1.) Installing your car seat, as well as maneuvering your child in and out of it, is easier when the seat is on one side of the car or the other. However, the recommended placement is in the center of the backseat. Is this rule one that can be safely bent?
A) Yes. The placement of your child’s car seat should be what’s easiest for you to manage.
B) No. It’s important to adhere to the center placement guidelines, as it’s significantly safer for your child in the event of an accident.
C) Yes, if there’s a console between the two front seats.
2.) When should a child transition from rear-facing seats to those of the front-facing variety?
A) When her feet touch the back of the vehicle’s seat.
B) Around one year of age.
C) When she’s reached the top weight or height limit allowed by the manufacturer of her car seat.
3.) You’re in a financial bind after purchasing baby items, and find a great deal on a used car seat. Is it okay to use a second-hand car seat?
A) Yes. Every penny counts and you should save money wherever possible.
B) Yes, as long as the seller assures you it’s never been in an accident.
C) No, it’s never a good idea to purchase a second-hand car seat.
4.) When making a car seat purchase, is it better to choose one with a high weight limit, or a lower one that your child will outgrow in time to transition to a booster seat?
A) A high weight limit.
B) A smaller seat.
C) The cheapest possible option.
5.) Your child is almost at the legal weight and height to transition from a car seat to a booster seat in your state, but she still fits comfortably in the high-limit car seat you purchased. Should you:
A) Transition to the booster seat on the schedule recommended by your state.
B) Continue to use the car seat until she no longer fits properly.
C) Ask the child what she’d prefer.
6.) Your ten-year-old is clamoring to sit in the passenger seat. Is it okay to let him do so?
A) Yes, as long as there’s no air bag, or an existing air bag has been disabled.
B) Yes, as long as he wears his seat belt.
C) No, even if there is no risk of air bag deployment.
7.) You’re planning to take a long-distance train with your toddler, who is far from graduating out of his car seat. Should he ride in his safety seat on the train?
A) Yes, his safety seat is non-negotiable.
B) No, his car seat is not a necessity for rides on a long-distance train.
C) Only if he wants to ride in a safety seat.
8.) You’re bringing your newborn home from the hospital for the first time. Should after-market items like head positioners and strap covers be placed in her car seat?
A) Yes, these products keep your baby comfortable in her car seat.
B) No, these items can actually prove to be dangerous.
C) Yes, but their value is mostly decorative.
9.) Your child is prone to motion sickness, which becomes problematic during longer car rides. Will turning his seat around so that he’s facing forward help?
10.) You’re traveling by plane for a family vacation. The airline doesn’t require you to purchase a seat for children under the age of two; does this mean that it’s okay to leave the car seat at home?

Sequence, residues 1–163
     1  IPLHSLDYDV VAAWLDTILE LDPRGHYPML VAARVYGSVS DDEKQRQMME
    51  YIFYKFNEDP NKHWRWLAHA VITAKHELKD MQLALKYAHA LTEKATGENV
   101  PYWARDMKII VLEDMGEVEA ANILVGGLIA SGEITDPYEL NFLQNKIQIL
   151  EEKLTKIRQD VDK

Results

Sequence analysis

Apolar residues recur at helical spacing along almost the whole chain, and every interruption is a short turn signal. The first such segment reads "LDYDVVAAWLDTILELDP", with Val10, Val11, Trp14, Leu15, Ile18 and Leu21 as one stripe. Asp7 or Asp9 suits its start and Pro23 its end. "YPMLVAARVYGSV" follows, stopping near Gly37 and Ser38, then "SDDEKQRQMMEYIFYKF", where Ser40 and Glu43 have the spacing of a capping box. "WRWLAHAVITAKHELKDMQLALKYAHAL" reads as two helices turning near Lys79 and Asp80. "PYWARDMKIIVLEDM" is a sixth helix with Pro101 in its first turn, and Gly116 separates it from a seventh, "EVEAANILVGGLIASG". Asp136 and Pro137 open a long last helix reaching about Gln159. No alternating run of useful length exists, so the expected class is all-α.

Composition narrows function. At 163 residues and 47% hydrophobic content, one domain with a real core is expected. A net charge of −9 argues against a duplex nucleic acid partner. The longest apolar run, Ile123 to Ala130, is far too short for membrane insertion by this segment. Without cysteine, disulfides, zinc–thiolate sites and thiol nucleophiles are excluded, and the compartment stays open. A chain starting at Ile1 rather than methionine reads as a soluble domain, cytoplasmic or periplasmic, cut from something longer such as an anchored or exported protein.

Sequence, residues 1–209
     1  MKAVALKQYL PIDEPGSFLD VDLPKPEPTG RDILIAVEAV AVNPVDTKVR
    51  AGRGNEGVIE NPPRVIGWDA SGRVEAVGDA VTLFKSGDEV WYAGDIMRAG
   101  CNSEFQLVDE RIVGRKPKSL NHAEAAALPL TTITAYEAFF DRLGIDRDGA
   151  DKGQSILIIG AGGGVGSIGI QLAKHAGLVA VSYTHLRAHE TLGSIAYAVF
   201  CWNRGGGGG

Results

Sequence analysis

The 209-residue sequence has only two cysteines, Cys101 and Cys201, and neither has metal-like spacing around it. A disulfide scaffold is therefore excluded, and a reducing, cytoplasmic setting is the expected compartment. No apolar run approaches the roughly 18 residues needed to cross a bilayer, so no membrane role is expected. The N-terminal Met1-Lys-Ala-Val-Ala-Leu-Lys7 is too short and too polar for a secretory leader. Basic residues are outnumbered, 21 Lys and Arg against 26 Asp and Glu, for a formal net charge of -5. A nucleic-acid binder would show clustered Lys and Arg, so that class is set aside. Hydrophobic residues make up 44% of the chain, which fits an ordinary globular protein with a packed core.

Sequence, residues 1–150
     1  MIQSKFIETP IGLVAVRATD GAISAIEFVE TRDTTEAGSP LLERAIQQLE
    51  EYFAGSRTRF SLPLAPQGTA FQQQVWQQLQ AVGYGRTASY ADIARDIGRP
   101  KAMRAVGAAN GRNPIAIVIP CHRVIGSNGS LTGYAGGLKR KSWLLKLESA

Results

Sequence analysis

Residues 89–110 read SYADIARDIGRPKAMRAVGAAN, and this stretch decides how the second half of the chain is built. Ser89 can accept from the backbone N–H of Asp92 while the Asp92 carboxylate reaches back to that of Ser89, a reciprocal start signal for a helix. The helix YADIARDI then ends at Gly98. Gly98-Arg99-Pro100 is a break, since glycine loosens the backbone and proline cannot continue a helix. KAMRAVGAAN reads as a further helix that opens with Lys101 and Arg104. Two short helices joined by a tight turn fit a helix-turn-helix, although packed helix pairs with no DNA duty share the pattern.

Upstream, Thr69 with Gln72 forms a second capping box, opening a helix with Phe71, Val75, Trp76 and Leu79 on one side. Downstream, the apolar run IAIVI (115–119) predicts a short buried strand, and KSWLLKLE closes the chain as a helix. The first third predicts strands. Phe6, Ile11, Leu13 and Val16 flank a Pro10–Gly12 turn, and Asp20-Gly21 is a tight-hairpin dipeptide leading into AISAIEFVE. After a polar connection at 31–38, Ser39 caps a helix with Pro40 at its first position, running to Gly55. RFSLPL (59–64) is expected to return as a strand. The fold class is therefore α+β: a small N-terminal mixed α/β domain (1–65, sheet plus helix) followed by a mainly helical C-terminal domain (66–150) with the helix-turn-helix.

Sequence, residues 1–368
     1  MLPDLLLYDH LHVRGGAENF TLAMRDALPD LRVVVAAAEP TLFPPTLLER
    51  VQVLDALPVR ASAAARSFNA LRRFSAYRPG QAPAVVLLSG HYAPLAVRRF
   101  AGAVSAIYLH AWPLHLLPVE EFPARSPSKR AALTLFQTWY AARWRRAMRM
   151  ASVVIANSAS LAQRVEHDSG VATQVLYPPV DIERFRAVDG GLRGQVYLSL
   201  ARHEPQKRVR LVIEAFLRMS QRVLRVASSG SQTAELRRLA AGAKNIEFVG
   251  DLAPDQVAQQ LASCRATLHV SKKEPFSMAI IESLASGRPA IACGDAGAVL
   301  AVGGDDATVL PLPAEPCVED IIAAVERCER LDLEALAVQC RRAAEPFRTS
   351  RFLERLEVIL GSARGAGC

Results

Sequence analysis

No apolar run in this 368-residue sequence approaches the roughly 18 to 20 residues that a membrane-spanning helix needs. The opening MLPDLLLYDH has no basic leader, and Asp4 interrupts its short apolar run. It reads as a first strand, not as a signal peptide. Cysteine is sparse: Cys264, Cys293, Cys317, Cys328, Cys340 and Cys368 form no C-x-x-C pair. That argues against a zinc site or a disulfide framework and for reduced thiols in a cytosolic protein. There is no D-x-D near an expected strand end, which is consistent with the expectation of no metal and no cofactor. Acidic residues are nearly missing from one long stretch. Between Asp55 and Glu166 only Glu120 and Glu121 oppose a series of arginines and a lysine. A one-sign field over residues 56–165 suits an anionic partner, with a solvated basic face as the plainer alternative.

A) Yes. You’ll be forced to carry enough through the airport, and his car seat is an unnecessary burden.
B) No, it’s safer to purchase the additional seat and properly install a car seat before take-off.
C) Only if you plan to hold your child for the entirety of the trip.
Question 1: B. Because a child whose car seat is placed in the center of the back seat cannot be directly struck in a crash, he’s 43% safer than he would be on either side of the vehicle. The myth that consoles make center placement risky has been dispelled.
Question 2: C. Even if your child’s feet are touching the back of your car’s back seat, she’s still not too big to ride in a rear-facing position until she’s reached either the height or weight limit for her rear-facing car seat.
Question 3: C. In addition to the fact that you’re simply not able to accurately ascertain whether or not a seller is being honest with you regarding prior accidents, car seats also have expiration dates that older, used seats may have exceeded.
Question 4: A. When your child transitions from an infant seat, or if your chosen car seat is a convertible model, the longer you can keep her in a full car seat, the safer she’ll be. Don’t rush to transition to a booster seat.
Question 5: B. State requirements are often the bare minimum in terms of safety, so your child should continue to ride in a booster seat until she’s reached a weight or height that meets the upper limits put in place by the manufacturer.
Question 6: C. Even if the air bag in your front passenger seat is disabled or non-existent, the CDC recommends that they ride in the back seat until at least age 13.
Question 7: B. In fact, trains seats aren’t equipped with safety belts, making it impossible to install your child’s car seat safely.
Question 8: B. Any after-market items that are advertised as being an additional comfort measure may actually adversely affect proper head positioning and the fit of the car seat’s harness.
Question 9: B. The evidence supporting facing forward as a remedy for carsickness is purely anecdotal. A study reported by The Car Seat Lady shows that both front and rear-facing children showed identical 2% rates of carsickness.
Question 10: B. In addition to keeping your child safely restrained in the event of turbulence or difficulty in takeoff and landing, bringing your child’s car seat along ensures that you won’t be tempted to take the “short drive” from the airport to your destination without one.
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